Fluoride competes with iodine since they are both halogens so fluoride exposures could be contributing to the increased prevalence of under-active thyroid.
Prolonged, excessive exposure to fluoride can cause a debilitating bone disease known as skeletal fluorosis.
Fluoride has been shown to increase blood glucose levels and impair glucose tolerance.
Fluoride damages gastric mucosa at relatively low doses.
Fluoride’s ability to damage the brain is one of the most active areas of fluoride research today. In the past three decades, over 100 studies have found that fluoride exposure can damage the brain.
There are many other environmental toxins, including: Polyaromatic hydrocarbons from unvented gas stoves, cigarette smoke and auto exhaust; formaldehyde from furniture, carpet and cabinetry made of pressed wood; VOCs (volatile organic compounds) from room fresheners, candles, household cleaners, carpet, auto exhaust, paints and building materials, insecticides on plants and pets; preservatives, pesticides, herbicides, antibiotics, genetic modifications and hormones in our food supply.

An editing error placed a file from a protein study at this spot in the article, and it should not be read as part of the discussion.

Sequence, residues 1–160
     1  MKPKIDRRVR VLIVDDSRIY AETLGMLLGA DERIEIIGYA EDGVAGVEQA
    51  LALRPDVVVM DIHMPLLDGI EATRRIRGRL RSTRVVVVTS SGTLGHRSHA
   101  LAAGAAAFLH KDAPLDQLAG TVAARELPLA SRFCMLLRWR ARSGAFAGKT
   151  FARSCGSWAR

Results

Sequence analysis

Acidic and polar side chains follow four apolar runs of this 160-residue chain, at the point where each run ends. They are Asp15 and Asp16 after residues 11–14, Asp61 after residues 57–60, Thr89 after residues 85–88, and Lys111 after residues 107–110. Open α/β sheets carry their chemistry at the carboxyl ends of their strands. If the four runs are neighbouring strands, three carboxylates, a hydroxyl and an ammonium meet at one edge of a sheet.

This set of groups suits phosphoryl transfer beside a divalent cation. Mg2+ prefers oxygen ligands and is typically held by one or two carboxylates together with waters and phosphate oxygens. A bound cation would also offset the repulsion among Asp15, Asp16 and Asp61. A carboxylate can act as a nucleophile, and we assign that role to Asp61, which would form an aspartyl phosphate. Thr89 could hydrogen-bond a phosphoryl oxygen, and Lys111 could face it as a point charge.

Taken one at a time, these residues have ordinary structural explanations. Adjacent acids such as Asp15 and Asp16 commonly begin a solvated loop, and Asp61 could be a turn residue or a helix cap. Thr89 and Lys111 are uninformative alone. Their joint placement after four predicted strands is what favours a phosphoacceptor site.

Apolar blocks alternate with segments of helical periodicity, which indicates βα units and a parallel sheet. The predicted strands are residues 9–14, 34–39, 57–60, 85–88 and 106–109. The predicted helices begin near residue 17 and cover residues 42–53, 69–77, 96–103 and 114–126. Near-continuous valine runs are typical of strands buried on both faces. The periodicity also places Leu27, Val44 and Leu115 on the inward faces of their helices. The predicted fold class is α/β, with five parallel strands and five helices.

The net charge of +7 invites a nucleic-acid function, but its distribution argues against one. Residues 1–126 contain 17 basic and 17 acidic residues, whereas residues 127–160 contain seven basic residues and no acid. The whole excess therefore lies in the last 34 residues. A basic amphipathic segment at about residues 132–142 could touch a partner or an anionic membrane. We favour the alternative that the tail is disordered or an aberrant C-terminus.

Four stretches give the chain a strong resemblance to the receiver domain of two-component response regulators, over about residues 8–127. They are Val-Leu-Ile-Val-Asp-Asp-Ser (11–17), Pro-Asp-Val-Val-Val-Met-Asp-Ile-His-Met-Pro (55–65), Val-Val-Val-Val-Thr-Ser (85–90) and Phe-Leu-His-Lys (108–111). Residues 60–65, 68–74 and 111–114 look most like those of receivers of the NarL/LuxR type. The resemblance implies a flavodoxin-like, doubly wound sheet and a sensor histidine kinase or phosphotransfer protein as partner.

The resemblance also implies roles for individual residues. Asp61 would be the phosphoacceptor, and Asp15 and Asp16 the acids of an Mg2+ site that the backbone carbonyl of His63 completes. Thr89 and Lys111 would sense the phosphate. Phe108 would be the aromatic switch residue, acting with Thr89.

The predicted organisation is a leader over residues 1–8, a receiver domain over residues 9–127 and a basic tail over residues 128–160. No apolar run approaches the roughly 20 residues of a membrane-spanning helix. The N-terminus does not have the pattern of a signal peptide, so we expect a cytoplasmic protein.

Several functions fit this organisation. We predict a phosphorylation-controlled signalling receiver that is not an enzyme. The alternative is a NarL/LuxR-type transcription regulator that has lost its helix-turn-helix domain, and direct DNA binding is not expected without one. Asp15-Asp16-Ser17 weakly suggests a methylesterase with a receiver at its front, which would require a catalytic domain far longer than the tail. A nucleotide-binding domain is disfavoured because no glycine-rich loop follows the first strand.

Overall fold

It is important to remember that although studies have shown that specific chemicals have been shown to cause cancer, endocrine disruption, nervous system dysfunction, mood disorders and miscarriage, it is unknown what the combination of the chemicals we are exposed to is doing to our bodies and to our unborn children. We know that toxins can cross the placental and blood-brain barrier, passing to your baby in the womb. Toxins from the mother are also passed to infants during breastfeeding. Therefore, it is imperative for women in childbirth preparation to detoxify their bodies, avoid environmental toxins as much as possible and eat foods conducive to a healthy body and the development of a healthy fetus.
Nutrition & Childbirth Preparation
Before and during pregnancy, there are certain nutrients that are especially important for a woman to have adequate amounts of. The study of epigenetics has identified three key periods when the environment and choices can significantly impact our genetic code: